Good question! First we need to get what Paul meant by “humility.” It is not really about one’s sense of self (not for Paul). Put another way, “humility” wouldn’t exist for Paul if there was only one human left in the world. When Paul talks about being humble, he doesn’t mean a low self-esteem. Imagine in the Roman world that whenever you walk into a room with people, you scan the space and immediately rank everyone in the room in order of importance. Then you talk to the most important people and try to get into their good graces, especially the people you consider more powerful or higher “status” than yourself. That is basically how it worked in Paul’s world. Paul said to that, “No way. Don’t treat people as tools to increase your own value. Treat each as a precious creature God created. In fact, turn first and foremost to the ‘least of these.'” That is what he means. Break the power cycle by giving honor to those whom culture ignores or disrespects. We can do this kind of thing today by giving honor and attention to groups that are often neglected, rejected, or shamed.
Some may consider Paul somewhat of an isolationist (“I just need Jesus”) and even a sort of stoic. What, if anything, is wrong with this picture? What did Paul have to say about friendship?
So much! Not so much about friendship (he doesn’t really use that language explicitly), but certainly he addresses relationships a lot. The funny thing is, Paul was almost never alone! Even in prison, some people shared his imprisonment, perhaps as fellow “inmates” or maybe through visitation. We can say he was a “people” person. We see this in Philippians when Paul talks about his fellowship with Epaphroditus and Timothy (ch 2), but I think it is even more clear in 2 Timothy. In 4:9-16 he shares with Timothy his discouragement that so many of his Christian ministry partners have left him (Demas, Crescends, Titus). He asks for Timothy to visit him, along with Mark. He adds, “At my first defense, no one came to my support, but all deserted me” (2 Tim 4:16). He needed support, and they were not there for him.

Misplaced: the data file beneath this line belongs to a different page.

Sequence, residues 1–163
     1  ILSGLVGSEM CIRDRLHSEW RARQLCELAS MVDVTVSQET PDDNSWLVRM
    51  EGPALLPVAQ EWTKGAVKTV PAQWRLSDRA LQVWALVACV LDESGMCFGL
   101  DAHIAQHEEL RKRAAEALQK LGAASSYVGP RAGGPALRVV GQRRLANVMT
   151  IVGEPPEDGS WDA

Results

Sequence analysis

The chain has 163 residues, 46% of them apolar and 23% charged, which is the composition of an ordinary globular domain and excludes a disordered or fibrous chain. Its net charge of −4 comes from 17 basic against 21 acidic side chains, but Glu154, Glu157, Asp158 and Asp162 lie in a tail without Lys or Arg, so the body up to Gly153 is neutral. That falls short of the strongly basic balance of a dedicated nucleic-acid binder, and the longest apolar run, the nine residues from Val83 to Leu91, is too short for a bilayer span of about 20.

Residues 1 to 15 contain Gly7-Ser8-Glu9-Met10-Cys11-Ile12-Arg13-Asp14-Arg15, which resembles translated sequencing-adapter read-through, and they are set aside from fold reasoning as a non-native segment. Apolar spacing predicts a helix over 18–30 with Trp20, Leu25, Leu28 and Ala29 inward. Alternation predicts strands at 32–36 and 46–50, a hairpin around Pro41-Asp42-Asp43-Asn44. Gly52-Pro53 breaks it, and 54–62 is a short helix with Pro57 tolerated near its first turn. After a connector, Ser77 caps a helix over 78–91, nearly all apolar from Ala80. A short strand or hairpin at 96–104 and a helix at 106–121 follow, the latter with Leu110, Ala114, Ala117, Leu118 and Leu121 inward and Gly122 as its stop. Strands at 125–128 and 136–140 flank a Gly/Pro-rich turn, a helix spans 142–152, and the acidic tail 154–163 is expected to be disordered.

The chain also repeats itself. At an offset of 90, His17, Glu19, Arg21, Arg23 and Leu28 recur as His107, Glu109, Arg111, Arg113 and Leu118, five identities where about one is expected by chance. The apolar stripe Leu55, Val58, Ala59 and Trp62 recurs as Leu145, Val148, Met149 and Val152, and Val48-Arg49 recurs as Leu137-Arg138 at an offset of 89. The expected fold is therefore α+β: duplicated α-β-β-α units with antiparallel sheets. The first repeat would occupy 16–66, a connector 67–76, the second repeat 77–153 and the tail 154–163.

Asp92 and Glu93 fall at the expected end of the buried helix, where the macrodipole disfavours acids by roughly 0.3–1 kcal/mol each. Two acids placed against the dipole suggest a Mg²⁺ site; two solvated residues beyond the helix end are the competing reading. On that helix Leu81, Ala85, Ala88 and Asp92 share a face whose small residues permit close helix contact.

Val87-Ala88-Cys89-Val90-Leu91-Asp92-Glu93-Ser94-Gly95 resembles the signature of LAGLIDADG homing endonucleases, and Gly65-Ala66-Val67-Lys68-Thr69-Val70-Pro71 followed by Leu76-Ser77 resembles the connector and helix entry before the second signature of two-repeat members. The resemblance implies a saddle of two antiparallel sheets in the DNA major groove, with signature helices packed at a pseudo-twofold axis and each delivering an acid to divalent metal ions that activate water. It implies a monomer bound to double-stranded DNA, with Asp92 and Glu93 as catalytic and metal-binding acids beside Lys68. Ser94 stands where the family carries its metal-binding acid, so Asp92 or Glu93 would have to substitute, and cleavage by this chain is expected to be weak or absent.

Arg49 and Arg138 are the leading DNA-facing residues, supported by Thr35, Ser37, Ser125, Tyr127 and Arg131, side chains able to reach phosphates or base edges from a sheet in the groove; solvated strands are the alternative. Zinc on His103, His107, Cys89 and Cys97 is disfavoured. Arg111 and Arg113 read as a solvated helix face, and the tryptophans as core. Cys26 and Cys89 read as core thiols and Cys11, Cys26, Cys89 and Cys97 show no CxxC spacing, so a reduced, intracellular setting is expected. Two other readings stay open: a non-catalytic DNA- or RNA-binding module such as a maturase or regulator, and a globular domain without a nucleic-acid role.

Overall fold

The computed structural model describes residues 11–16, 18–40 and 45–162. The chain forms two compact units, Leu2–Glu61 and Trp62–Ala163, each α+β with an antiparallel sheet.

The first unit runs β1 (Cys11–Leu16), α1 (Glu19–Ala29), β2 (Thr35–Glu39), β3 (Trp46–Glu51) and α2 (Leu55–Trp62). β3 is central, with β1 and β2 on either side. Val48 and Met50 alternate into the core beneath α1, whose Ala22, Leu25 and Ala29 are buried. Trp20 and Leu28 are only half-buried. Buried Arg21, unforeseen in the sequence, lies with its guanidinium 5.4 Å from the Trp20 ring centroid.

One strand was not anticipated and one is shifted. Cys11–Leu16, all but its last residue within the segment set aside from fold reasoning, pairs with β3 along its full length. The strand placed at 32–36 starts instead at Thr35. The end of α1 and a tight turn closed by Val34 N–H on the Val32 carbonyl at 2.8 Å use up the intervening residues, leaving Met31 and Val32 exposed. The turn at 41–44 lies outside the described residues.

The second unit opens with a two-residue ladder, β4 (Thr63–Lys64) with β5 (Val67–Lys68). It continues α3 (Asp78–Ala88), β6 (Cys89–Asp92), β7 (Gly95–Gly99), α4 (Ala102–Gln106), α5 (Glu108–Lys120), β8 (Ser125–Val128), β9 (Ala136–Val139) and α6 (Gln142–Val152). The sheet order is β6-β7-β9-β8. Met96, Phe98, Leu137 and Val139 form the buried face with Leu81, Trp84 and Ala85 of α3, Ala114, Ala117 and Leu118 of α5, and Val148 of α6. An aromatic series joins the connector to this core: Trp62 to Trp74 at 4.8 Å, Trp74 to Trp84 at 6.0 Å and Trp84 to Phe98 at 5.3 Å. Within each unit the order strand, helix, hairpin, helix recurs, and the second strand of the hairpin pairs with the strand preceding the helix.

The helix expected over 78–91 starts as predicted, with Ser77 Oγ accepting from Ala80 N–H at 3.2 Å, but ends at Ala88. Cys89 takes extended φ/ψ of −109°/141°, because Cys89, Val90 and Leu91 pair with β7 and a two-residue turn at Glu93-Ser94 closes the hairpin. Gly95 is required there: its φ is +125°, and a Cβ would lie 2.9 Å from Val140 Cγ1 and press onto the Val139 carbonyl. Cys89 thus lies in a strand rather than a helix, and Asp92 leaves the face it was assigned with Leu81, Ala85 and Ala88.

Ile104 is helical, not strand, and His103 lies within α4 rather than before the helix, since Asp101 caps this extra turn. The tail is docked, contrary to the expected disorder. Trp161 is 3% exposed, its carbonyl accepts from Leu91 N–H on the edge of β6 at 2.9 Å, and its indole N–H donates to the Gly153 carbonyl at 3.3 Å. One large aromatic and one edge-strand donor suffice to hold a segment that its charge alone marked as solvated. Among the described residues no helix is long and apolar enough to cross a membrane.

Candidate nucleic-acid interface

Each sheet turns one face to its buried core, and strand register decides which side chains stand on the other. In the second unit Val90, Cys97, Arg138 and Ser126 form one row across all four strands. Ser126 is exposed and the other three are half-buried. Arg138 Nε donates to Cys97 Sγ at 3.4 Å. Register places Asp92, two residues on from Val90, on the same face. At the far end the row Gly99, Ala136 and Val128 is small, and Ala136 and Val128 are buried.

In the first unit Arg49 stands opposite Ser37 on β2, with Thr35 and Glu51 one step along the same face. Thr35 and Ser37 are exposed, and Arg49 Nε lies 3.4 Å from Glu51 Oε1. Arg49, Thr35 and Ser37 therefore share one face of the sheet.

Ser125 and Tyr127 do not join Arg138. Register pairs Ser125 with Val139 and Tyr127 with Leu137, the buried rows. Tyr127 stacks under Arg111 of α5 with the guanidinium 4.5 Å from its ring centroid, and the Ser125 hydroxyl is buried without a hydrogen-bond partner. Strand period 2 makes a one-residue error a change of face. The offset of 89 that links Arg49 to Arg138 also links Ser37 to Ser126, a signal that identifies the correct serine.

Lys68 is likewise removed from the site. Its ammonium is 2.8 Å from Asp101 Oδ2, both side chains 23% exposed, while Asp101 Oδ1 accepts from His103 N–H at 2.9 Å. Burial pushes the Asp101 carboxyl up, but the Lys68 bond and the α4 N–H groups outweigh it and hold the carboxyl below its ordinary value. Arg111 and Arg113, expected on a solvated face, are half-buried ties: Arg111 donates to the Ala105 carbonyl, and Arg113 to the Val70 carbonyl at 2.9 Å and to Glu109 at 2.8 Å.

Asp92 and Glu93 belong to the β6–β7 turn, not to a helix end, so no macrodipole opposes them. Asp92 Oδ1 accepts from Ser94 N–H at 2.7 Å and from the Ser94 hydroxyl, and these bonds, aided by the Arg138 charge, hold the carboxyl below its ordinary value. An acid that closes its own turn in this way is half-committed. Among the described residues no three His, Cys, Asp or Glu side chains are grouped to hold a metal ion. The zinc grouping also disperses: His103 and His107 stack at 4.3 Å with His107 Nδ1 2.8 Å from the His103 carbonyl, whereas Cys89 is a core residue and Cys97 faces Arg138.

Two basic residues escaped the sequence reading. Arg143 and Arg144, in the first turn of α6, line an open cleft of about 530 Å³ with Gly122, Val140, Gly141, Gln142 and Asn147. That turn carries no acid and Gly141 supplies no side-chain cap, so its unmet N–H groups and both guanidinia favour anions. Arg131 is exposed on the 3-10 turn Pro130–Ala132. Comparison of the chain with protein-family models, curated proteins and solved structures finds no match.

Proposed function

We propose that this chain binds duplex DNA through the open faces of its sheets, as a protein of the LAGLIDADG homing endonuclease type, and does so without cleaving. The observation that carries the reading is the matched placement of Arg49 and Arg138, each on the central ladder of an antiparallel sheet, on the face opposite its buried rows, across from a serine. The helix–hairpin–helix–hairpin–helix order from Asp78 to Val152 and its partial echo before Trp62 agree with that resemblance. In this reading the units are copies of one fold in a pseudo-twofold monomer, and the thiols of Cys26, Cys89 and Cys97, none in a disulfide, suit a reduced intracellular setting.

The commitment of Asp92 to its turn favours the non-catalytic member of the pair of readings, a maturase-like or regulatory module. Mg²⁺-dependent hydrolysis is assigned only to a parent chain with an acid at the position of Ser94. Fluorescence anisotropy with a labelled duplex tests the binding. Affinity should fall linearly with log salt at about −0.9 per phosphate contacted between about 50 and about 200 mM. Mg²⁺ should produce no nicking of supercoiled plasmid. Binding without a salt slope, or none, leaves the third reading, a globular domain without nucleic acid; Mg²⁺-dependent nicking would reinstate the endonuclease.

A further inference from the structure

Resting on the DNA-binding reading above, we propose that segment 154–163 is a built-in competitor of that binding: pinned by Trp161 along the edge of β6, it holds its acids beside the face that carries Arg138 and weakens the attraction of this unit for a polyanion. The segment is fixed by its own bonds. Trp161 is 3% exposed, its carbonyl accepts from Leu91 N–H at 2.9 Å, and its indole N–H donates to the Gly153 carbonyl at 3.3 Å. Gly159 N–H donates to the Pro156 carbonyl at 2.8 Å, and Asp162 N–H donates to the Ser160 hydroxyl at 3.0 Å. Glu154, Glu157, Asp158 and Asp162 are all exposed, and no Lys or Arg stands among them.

We need to get it out of our heads that Paul was a loner. He was quite the opposite.
What is Paul’s response to the problem of evil, human suffering, and societal unrest?
I think Paul’s response would be quite simple: if Christians loved each other and everyone else in imitation of God’s love for us, the whole world would know peace. Love, for Paul, is a determined attitude of generosity and concern for the other, like the love we have for our kids “no matter what.” Paul did not address “political” issues head on, his concern in his own time was with the church (Gal 6:10). He saw this great potential in the church to transform the world with love. I keep going back to Bishop Michael Curry’s homily on love. Check it out: https://www.youtube.com/watch?v=OhV0PL49d3Y.
In Reading Philippians, you write, “Paul was something like a theological physician, stepping in to diagnose and treat churches with problems.” If Paul were somehow transported to our modern evangelical churches, what might he see as in need of diagnosis/treatment and what might he resonate with?
There are several things we could talk about here, but I will pick just one: whole-life commitment to Jesus. Paul would look around and see people calling themselves “Christians” but not really fully committed to Jesus or the Church. For many, Christianity is something they check on a census box, or a reflection of their heritage. It might involve a social culture on Sundays or holidays. But Paul saw his religion as a massive, every-second-of-every-day commitment to listen to God and obey God.
So, what is our “problem?” We live in an age of distraction? We are over-committed to activities, clubs, and events? We don’t take time to really worship and listen to God? We don’t have deep relationships? We don’t feel the weight of our need to participate in the gospel mission? Probably all of the above. Paul was not a grump, but he was a realist and a straight shooter: Christians, take your faith seriously, dive in, get your hands dirty. It’s gonna mean giving up things, but you gain so much more in Christ.
Blogging regularly at Crux Sola, Dr. Nijay K. Gupta (PhD, University of Durham) has earned himself a renowned reputation within Pauline studies. A gifted and sought-after lecturer, he is Professor of New Testament at Northern Seminary, Chicago. Currently serving as the Editor-in-Chief of the Bulletin for Biblical Research as well as the Co-Editor of The Bible in God’s World series along with Scot McKnight, Dr. Gupta is the author of such works as Prepare, Advance, Succeed: a Guidebook for Getting a PhD in Biblical Studied (2019, 2nd edition), Colossians (Smyth & Helwys Bible Commentary), as well as 1 & 2 Thesalonians (Zondervan Critical Introductions to the New Testament, 2019).